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Location

Autonomous region:
Catalonia

Province/Island:
Tarragona

Tarragona
Type of route:
Monumental

The jewel of the Roman Empire on the Mediterranean coast of Spain.

The city of Tarragona, ancient Tarraco, was one of the three most important cities in Spain during Roman rule. The consul Publius Cornelius Scipio Africanus disembarked here to pursue the Carthaginians led by the legendary Hannibal, thus giving rise to the Roman conquest of Spain. The importance of the preserved Roman remains has been recognised by UNESCO as a World Heritage Site.

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This one-day or weekend route starts in the city centre of Tarragona. The city centre houses the remains of the circus (1st century A.D.) which has been exceptionally well-preserved.
The remains of the two city fora are located nearby – the provincial and colonial (or local). They were the centre of political, administrative and social life in Tarraco. Today, visitors can see some walls, arches and stone constructions around the streets of the old town.
The most important site of worship in Roman Tarraco was in the very same spot where the imposing Gothic cathedral of Santa María (13th-14th centuries) stands today – the most important non-Roman monument in the city.
Our visit continues with a stroll around the Roman city walls (2nd century B.C.), the oldest of those preserved outside Italy, which were strengthened in the 16th and 17th centuries. Alongside these are the ruins of the amphitheatre (2nd century B.C.), which was the setting for gladiator battles. On the other hand, the theatre cannot be visited.
Our route around Tarragona continues towards the Francolí River, to the south of the city. We recommend heading there from the ‘Balcón del Mediterráneo’ – a marvellous vantage point with views over the city’s sea front. Afterwards, we can head to the promenade in search of the old port neighbourhood of Serrallo, where there are perfect restaurants to taste delicious Mediterranean fish.
Alongside the opposite end of the area, next to the Central and Ciutat parks, is the Palaeo-Christian burial ground (3rd century on) and its museum.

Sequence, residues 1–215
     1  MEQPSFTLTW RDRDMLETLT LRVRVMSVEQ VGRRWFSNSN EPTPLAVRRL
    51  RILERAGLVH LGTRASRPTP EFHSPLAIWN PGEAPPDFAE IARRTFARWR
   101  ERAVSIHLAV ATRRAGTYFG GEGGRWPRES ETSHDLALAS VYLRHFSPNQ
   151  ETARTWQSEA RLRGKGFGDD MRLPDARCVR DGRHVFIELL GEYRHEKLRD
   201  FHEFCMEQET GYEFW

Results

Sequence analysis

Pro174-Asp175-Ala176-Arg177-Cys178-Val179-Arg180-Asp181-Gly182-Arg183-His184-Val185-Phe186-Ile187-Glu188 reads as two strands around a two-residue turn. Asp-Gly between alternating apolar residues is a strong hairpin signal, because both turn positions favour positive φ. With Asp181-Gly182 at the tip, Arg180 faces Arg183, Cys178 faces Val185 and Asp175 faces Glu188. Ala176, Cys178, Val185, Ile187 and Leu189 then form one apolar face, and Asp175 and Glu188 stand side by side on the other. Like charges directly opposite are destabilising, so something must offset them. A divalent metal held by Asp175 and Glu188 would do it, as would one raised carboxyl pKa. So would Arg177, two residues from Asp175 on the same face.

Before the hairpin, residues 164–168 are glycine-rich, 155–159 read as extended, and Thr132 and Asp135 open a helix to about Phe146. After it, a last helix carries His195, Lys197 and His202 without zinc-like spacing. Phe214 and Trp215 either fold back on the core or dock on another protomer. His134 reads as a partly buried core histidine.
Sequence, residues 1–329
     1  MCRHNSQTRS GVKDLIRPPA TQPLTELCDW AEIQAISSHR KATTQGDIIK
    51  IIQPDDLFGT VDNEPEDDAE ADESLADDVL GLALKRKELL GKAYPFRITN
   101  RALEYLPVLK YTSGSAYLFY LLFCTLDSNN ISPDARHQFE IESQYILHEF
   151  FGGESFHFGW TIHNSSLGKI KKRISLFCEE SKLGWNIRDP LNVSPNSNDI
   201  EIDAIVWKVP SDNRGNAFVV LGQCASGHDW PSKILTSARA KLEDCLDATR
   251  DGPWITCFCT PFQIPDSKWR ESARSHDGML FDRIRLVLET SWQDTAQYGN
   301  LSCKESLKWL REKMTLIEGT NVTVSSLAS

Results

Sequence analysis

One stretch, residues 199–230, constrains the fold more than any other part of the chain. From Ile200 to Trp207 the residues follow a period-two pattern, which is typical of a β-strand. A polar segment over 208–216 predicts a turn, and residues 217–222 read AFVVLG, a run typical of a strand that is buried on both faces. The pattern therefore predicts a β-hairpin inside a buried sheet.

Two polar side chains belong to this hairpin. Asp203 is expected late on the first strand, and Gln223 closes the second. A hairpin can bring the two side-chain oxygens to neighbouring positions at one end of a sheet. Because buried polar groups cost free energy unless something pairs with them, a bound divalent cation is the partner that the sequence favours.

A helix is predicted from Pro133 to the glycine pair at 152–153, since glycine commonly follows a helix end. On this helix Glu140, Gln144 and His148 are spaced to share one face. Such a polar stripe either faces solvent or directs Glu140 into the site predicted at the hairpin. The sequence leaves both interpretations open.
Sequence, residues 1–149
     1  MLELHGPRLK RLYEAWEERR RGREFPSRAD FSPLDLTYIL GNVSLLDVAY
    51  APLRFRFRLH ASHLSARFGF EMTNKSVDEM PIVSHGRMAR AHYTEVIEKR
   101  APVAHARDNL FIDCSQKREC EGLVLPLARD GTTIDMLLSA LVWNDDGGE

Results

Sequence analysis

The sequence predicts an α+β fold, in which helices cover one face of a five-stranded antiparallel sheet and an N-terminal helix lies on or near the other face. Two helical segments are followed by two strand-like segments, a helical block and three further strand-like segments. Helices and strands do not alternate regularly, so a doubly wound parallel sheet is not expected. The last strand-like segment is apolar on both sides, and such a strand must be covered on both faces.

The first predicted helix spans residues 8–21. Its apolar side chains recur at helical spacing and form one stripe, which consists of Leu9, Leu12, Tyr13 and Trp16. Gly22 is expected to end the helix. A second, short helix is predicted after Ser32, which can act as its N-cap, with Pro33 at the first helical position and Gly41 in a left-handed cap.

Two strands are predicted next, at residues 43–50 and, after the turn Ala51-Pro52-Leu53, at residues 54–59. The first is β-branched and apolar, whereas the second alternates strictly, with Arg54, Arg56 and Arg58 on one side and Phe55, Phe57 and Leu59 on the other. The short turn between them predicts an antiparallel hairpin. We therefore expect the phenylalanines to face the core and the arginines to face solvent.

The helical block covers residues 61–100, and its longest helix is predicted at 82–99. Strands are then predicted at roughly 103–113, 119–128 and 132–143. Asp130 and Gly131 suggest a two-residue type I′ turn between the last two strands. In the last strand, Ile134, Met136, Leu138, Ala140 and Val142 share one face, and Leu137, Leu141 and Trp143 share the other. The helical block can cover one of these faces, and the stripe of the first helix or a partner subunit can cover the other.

After this, we can head on a trip to see the different interesting spots in the surrounding area of the city of Tarragona. The N-240 takes us to Les Ferreres Aqueduct (also known as the Devil’s Bridge). Dating to the 1st century B.C., it provided water to the city and its double row of arches is well-preserved today. A little further along the route is the town of Constantí. The outskirts house the Roman villa of Centcelles (4th century A.D.) with its rich mosaics.
Returning to Tarragona, we now head north, following the N-340 coast road. There are successive monuments from Roman Tarraco just 20 kilometres away. Around 3 kilometres after leaving the city we come across the Torre de los Escipiones tower, a funereal monument from the 1st century A.D. Nearby, alongside La Móra estate and in the middle of a forest, the Mèdol stone quarry can be visited (after a brief walk), where the stone used to build Tarraco’s buildings was extracted.
Altafulla (3 kilometres) is home to the remains of the luxurious Els Munts villa, which was owned by a high ranking official in the Roman administration. It is located on a small headland next to the Mediterranean. Further on, in Roda de Barà, we get to see the famous Berà Arch, an honorary arch dedicated to the Emperor Augustus (end of the 1st century B.C.) It is located between two lanes on the N-340, on what was the old Vía Augusta road.
If we do our journey in May, we can also enjoy the Tarraco Viva Festival. It offers a series of interesting conferences on the Roman world and ancient Tarraco.

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